Bed Bugs and Human Health
Until recently, bed bugs were not believed to transmit serious diseases. Nowadays, some scientists aren't so sure.
As is the case with most parasites, in theory, there has always been the possibility that bed bugs could transmit disease. But there was never any solid evidence that bed bugs actually were disease vectors. Their health significance was believed to be limited to localized pain and sometimes-serious rashes that could be aggravated by scratching, exposing the patient to the possibility of infection; and the psychological and emotional trauma caused by knowing that something is, well, eating you while you try to sleep.
That assumption lasted until 2011, when Canadian researchers completed a study that found the causative bacteria for two serious diseases in the bodies of bed bugs plucked from patients in two urban hospitals.
Bedbugs and MRSA and VRE
One of the bacteria recovered by the Canadian researchers was the methicillin-resistant form of Staphylococcus aureus (MRSA), commonly known as "flesh-eating bacteria." The other bacteria was the vancomycin-resistant form of Enterococcus faecium (VRE), which can cause infections of the urinary tract, the bloodstream, or surgical wounds.
Both of these diseases are usually acquired in health care settings, but also occur from time to time in homeless shelters, prisons, rescue missions, or other environments where people live in crowded conditions with less-than-wonderful sanitation.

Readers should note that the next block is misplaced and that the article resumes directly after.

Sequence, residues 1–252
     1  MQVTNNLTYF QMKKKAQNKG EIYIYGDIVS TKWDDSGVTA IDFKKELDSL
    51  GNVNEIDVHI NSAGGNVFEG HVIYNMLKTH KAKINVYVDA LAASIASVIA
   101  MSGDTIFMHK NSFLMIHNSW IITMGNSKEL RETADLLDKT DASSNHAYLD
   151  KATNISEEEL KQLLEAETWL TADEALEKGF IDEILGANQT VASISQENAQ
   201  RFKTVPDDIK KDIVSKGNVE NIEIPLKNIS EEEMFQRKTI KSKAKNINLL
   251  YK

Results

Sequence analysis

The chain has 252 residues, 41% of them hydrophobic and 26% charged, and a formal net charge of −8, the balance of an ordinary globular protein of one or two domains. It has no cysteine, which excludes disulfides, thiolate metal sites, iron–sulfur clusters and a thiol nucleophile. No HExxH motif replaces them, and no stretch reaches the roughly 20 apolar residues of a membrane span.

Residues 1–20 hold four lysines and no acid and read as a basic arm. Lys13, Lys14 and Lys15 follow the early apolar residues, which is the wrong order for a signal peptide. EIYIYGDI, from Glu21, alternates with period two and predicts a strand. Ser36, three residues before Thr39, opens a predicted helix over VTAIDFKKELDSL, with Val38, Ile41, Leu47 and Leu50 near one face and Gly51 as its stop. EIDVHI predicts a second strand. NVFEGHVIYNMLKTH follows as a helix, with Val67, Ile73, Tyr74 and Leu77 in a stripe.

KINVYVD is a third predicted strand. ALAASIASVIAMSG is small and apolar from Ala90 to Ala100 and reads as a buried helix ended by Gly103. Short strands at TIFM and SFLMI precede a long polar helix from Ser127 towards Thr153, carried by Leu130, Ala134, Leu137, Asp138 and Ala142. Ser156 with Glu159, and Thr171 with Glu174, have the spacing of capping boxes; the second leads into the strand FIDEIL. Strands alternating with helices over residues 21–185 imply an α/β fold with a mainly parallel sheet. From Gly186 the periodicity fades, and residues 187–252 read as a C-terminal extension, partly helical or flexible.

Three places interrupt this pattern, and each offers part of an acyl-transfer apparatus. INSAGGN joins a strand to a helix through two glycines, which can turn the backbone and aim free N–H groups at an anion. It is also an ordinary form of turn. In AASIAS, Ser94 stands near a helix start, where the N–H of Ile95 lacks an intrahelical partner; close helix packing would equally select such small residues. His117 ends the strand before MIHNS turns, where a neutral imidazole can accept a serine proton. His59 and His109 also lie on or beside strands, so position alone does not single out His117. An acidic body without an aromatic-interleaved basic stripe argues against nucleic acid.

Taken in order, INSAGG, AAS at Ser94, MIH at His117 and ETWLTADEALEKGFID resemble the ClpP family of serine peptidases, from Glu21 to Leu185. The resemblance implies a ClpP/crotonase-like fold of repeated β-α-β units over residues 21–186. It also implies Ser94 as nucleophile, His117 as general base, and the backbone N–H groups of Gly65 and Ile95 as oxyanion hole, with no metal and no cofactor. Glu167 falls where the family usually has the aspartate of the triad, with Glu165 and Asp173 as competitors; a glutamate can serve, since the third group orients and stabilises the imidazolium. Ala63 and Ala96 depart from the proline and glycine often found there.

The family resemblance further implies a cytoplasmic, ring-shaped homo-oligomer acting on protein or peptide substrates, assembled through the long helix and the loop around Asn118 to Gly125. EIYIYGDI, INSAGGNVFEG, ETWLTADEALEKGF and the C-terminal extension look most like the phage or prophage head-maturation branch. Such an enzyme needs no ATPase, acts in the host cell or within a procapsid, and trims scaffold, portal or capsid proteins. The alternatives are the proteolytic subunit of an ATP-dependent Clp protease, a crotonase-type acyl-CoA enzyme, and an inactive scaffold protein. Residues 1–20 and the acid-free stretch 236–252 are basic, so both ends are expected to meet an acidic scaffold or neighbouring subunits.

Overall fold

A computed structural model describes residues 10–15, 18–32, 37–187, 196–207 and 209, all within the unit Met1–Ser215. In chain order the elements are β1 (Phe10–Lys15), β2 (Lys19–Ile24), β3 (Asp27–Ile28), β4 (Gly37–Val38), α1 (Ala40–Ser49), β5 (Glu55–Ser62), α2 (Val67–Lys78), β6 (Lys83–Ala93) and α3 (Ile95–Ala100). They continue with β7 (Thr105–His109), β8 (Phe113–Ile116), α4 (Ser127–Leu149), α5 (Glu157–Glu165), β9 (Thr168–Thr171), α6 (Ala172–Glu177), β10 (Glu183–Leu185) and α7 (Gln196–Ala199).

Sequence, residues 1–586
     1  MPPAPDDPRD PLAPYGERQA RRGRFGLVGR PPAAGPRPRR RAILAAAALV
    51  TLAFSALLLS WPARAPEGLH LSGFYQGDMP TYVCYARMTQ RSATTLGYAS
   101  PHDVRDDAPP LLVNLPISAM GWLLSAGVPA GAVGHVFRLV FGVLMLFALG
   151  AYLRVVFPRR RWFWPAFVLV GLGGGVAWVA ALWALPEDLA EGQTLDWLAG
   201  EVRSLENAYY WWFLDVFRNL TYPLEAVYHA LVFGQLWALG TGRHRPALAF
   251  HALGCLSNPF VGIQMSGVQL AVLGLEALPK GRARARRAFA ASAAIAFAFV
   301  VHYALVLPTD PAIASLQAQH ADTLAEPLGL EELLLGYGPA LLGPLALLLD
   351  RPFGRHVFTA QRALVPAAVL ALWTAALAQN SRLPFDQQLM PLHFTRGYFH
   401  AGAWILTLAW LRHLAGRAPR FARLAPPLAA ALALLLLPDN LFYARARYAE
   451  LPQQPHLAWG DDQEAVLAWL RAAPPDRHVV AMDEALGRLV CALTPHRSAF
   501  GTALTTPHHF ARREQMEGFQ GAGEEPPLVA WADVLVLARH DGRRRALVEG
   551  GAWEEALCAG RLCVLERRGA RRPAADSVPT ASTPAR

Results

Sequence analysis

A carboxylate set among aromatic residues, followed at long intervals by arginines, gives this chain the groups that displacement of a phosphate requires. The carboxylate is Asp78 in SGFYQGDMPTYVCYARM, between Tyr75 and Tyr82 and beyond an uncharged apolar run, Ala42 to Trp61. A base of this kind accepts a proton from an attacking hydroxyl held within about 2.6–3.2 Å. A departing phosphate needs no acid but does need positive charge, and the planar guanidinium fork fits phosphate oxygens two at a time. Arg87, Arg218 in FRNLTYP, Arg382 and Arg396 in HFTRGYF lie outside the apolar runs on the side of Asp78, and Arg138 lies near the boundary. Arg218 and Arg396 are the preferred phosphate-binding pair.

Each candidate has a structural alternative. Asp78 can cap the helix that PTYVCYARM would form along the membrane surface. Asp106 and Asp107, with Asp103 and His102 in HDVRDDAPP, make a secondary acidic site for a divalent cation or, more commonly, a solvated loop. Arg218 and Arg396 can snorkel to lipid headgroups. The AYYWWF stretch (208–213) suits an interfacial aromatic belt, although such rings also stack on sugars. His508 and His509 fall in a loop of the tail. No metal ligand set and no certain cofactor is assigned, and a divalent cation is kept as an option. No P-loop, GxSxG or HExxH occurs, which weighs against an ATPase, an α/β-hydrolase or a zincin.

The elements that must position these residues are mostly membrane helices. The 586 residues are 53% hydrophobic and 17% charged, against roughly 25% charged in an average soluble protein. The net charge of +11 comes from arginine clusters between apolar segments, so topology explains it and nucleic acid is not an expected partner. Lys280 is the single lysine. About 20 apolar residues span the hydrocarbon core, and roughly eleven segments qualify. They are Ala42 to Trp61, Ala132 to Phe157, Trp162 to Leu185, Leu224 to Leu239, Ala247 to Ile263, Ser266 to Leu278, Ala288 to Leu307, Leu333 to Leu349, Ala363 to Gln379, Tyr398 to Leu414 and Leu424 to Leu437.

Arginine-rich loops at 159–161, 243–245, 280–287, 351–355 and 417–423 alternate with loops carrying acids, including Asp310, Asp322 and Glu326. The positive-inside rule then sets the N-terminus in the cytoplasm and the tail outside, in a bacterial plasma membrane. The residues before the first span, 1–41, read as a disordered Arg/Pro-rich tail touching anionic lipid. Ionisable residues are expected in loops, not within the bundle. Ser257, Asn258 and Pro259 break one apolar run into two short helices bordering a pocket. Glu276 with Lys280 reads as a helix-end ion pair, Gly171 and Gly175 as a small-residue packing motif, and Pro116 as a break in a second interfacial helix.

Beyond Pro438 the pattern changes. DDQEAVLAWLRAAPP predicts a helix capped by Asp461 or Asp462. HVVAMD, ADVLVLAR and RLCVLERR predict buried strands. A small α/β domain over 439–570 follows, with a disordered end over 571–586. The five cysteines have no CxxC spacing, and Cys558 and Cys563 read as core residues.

It's important to note that the Canadian study doesn't conclusively prove that bed bugs actually transmit either MRSA or VRE. It does prove that they can harbor the bacteria in their bodes, however, and suggests the possibility that they may be able to transmit the diseases. The researchers themselves concluded only that "Bedbugs carrying MRSA and/or VRE may have the potential to act as vectors for transmission," and recommended further study into the association between bed bugs and the diseases.
Bed Bugs and Hepatitis B
It has long been known that the virus that causes hepatitis B (HVB) can survive in bed bugs for as long as six weeks after they feed on the blood of an infected person, and can be found in the bed bugs' fecal droppings, as well. A study conducted in South Africa in 1978 found the virus in 30.6 percent of the bed bugs collected in an area with high rates of HVB infection, suggesting the possibility that bed bugs can transmit HVB.
Subsequent studies, however, have never been able to confirm the transmission of HVB by bed bugs. In a 1991 study in South Africa, researchers were unable to intentionally infect chimpanzees with HVB by using bed bugs known to be carrying the virus. Another study in Gambia in 1996 essentially eradicated bed bugs from seven villages, but produced no reduction in HVB infection rates.
Long story short: Experts simply aren't sure whether or not bed bugs transmit diseases. The current state of medical and entomological research suggest only the possibility that bed bugs might be able to transmit MRSA, VRE, and HVB. There's still no solid evidence that bed bugs actually do transmit these or other serious diseases.
On the other hand, we do know as fact that bed bugs inflict painful bites and cause serious rashes that can become infected. We also know that a small percentage of people can suffer allergic reactions from bed bugs. And finally, we know that bed bugs are gross and cause serious emotional trauma to people living in bed bug-infested homes.
In the end, it comes down to this: If you have a bed bug problem, you need a professional pest control company that specializes in bed bugs to help you get rid of them. In the Greater Dayton area, that would be us. Please contact us for a prompt, professional consultation with a bed bug control expert.